How is personification used in the short story "A&P"?

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John Updike's 1961 short story "A&P" contains many examples of figurative language. Simile and metaphor are the most commonly used, but there are several examples of personification, as well. 

The story is told in the first person point of view and describes the narrator's experience when three girls in bathing suits enter the grocery store and are chastened by the manager for their inappropriate clothing. The narrator, Sammy, decides to take a stand and quit his job in defense of the manager's treatment of the girls. 

When Sammy makes his grand exit after announcing that he is quitting, there are three examples of personification:

"One advantage to this scene taking place in summer, I can follow this up with a clean exit, there's no fumbling around getting your coat and galoshes, I just saunter into the electric eye in my white shirt that my mother ironed the night before, and the door heaves itself open, and outside the sunshine is skating around on the asphalt."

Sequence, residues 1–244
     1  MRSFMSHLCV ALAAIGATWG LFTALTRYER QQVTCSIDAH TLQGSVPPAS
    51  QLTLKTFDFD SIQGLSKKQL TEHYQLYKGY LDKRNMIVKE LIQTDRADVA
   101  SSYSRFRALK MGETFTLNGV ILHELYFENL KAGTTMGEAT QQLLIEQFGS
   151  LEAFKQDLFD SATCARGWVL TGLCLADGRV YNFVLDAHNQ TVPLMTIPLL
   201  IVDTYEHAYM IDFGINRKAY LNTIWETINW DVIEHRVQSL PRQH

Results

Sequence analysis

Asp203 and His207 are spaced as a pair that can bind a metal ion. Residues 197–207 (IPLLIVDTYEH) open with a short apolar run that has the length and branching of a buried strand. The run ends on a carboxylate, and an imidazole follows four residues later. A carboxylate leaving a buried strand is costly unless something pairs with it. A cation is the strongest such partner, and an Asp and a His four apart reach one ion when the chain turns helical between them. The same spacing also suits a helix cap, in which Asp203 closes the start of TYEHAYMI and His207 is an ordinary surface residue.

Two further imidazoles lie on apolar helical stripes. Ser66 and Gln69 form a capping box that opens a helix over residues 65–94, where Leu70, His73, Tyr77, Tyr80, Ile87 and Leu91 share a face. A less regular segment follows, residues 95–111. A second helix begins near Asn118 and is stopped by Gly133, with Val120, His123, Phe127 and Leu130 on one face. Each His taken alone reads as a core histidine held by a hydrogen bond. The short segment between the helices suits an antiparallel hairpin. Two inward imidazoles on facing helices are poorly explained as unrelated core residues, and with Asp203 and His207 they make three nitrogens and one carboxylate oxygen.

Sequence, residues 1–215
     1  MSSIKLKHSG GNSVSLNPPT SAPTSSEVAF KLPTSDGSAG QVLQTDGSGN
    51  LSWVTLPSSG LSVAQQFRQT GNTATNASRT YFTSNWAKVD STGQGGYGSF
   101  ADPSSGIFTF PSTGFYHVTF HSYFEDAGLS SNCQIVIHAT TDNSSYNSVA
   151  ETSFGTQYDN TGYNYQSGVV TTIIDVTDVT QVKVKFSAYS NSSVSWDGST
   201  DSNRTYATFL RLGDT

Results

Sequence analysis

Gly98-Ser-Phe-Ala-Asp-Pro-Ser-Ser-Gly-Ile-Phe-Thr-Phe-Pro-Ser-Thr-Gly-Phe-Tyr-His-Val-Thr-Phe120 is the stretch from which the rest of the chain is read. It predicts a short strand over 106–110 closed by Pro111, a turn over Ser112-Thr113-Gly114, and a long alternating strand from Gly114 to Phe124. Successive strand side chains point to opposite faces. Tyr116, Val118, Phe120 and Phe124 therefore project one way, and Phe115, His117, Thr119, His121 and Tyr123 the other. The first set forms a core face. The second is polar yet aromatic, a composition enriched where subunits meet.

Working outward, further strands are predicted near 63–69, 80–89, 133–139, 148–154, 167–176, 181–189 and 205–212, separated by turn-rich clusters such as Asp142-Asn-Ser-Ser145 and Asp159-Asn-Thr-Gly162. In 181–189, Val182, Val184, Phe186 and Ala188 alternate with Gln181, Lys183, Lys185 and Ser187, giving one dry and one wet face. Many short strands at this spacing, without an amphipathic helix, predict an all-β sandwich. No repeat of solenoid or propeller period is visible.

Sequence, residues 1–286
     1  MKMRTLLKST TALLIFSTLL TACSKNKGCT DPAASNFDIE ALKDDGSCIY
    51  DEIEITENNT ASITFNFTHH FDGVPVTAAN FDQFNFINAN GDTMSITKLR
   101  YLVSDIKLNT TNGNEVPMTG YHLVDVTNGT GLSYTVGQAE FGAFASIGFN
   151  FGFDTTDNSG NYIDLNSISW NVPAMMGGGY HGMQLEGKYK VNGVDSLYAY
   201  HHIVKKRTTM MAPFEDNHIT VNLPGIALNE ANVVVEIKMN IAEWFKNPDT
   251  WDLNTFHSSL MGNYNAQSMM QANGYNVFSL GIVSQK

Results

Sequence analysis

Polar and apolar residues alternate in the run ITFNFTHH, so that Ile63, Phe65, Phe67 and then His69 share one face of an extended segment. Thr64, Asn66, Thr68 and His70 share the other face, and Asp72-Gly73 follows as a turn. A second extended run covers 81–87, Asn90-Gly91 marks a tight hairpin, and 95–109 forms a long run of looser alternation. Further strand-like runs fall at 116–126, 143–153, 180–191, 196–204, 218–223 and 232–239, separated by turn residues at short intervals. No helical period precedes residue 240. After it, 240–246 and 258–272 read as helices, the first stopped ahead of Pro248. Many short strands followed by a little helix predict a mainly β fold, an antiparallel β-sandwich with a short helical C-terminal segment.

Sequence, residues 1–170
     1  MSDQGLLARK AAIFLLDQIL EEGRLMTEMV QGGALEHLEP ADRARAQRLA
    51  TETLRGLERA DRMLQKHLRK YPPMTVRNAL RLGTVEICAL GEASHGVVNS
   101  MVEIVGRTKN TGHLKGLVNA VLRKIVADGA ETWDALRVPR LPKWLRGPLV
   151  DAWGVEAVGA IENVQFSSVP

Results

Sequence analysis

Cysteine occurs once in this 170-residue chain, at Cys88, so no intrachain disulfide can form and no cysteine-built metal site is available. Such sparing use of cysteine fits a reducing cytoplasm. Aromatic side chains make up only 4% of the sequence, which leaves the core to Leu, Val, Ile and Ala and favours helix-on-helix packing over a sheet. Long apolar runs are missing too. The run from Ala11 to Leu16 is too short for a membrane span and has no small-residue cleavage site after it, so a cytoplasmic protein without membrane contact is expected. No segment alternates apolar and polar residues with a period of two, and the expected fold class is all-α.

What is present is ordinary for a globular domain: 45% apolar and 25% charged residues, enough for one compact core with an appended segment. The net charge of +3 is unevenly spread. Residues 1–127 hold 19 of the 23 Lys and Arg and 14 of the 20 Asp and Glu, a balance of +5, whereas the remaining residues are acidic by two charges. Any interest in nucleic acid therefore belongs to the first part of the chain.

The first example in this quote is the door "heaving" itself open. Heaving, or raising or lifting with effort, is something only a person or animal could do. An automatic door simply opens or closes, it doesn't strain with the effort. The effect this word choice creates is that the A&P is more than just a building, it's a type of microcosm or heartbeat of the town. 

Another example of personification in this quote is the sunshine skating on the pavement. This suggests that the sun is wavering, the heat rising from the asphalt. It is also a playful word choice for the sun, skating is a graceful and fun activity. It suggests that the narrator is pleased with his choice to stand on principle and quit because of the way the manager treated the girls. 

In the last paragraph, the narrator states: "My stomach kind of fell as I felt how hard the world was going to be to me hereafter."  It could be argued that the narrator has personified the world in this quote, describing it as a taskmaster, or an enemy. The narrator is realizing that growing up presents many challenges. He is understanding that his actions have consequences, harder consequences than when he was very young. This is evidenced in the manager, Lengel, telling him how his parents are going to be displeased with his actions. By looking back, he sees that the A&P will go on without him, and he hasn't made a big difference by taking a stand. 

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